Bulgaria, Romania and Serbia have threatened to close their borders if EU countries stop accepting migrants, as European leaders prepare for a mini summit on the continent's worst refugee crisis since World War II.
Bulgarian Prime Minister Boyko Borisov today said the three countries wanted a Europe-wide solution to the crisis but were not prepared to become a "buffer zone" for the tens of thousands of new arrivals.
The Bulgarian, Romanian and Serbian premiers held talks in Sofia on the eve of a meeting called by European Commission chief Jean-Claude Juncker, who has been urging a cross-border approach to the crisis, which has seen 670,000 people arrive on Europe's shores this year.
The influx has prompted EU member Hungary to close its borders with Serbia and Croatia to halt the flow of new arrivals, and Slovenia has threatened to do likewise.
Borisov and his Serbian and Romanian counterparts said the best solution was commonly-agreed action across Europe, but warned that if other EU countries followed Hungary's lead, they would have to act.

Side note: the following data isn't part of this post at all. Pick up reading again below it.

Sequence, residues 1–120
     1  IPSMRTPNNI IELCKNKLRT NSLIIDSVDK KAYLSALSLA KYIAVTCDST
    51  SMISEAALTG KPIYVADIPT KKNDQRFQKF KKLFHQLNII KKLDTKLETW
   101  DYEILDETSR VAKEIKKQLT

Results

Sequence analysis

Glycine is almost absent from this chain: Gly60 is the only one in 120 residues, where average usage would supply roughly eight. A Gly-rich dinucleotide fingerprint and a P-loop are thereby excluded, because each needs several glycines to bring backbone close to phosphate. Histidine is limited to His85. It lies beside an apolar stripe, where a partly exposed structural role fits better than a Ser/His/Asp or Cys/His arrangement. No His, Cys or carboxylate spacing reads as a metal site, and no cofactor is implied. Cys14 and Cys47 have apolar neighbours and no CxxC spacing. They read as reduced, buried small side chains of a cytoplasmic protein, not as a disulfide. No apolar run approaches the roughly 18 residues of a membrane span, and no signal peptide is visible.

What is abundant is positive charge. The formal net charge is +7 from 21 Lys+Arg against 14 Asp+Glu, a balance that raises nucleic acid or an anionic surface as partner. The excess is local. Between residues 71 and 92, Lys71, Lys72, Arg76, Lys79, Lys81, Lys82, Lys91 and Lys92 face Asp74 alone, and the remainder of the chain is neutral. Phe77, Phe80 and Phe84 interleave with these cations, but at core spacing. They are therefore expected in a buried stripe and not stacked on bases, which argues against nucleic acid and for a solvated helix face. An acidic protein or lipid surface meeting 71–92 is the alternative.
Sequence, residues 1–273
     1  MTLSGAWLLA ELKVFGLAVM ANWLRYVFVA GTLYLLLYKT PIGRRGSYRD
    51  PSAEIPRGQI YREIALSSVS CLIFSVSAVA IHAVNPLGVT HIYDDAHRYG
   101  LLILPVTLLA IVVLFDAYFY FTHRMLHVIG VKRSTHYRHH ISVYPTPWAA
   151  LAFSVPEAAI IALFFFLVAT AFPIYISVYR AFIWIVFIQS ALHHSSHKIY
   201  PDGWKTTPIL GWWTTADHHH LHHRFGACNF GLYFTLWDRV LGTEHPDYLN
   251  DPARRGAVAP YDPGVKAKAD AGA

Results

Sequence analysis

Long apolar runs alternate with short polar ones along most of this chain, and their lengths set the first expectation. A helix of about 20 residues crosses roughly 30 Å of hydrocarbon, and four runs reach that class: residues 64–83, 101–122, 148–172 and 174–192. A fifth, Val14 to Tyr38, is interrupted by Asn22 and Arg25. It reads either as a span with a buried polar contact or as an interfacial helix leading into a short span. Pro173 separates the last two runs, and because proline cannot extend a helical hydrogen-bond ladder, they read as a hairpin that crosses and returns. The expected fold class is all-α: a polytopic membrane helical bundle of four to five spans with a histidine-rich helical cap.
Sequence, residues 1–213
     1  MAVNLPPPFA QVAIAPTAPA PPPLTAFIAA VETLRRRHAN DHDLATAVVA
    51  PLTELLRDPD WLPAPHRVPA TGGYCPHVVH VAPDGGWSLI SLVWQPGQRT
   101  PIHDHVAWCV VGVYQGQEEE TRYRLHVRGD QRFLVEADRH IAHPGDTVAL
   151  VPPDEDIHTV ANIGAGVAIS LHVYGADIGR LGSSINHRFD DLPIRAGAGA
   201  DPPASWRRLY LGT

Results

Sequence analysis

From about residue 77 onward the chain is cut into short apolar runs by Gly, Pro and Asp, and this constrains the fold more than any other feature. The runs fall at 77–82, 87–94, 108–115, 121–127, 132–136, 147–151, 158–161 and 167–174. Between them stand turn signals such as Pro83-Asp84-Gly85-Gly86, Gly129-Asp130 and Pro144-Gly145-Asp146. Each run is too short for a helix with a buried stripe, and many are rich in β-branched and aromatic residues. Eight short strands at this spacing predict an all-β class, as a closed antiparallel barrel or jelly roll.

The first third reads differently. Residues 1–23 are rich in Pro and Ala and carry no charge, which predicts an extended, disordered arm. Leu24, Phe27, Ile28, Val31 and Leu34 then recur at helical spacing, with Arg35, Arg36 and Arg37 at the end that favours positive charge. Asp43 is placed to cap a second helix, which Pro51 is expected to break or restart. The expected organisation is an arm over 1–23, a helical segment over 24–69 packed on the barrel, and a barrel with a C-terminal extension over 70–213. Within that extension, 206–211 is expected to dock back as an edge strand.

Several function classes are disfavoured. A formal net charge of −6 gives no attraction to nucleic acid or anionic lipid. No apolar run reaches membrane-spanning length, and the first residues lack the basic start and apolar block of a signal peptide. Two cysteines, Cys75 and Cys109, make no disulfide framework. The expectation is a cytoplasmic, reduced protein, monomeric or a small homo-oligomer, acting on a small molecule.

"All three countries, we are ready if Germany and Austria and other countries close their borders (...) we will be ready to also close our borders at that very same moment," Borisov said after the talks with his Romanian and Serbian counterparts.
Over past months non-EU member Serbia has been swamped by migrants on their way from Greece and Macedonia to northern Europe, though Bulgaria and Romania have so far largely remained on the sidelines of the influx.
Hostility towards new arrivals has been growing in Germany and Sweden, Europe's most sought-after destinations for asylum seekers, lending increased urgency to efforts to get other EU members to accept a greater share of the arrivals.
Germany, the EU's top economy, has taken in the vast majority of the migrants landing in Europe this year, most fleeing conflict in Syria, Iraq and Afghanistan.
On Saturday, a new German law came into effect to speed up the expulsion of people deemed to be economic migrants and to restrict political asylum for Albanian, Montenegrin and Kosovan nationals to exceptional cases.
Sunday's summit in Brussels will bring the leaders of non-EU members Macedonia and Serbia together with the leaders of eight EU countries: Austria, Bulgaria, Croatia, Germany, Greece, Hungary, Romania and Slovenia.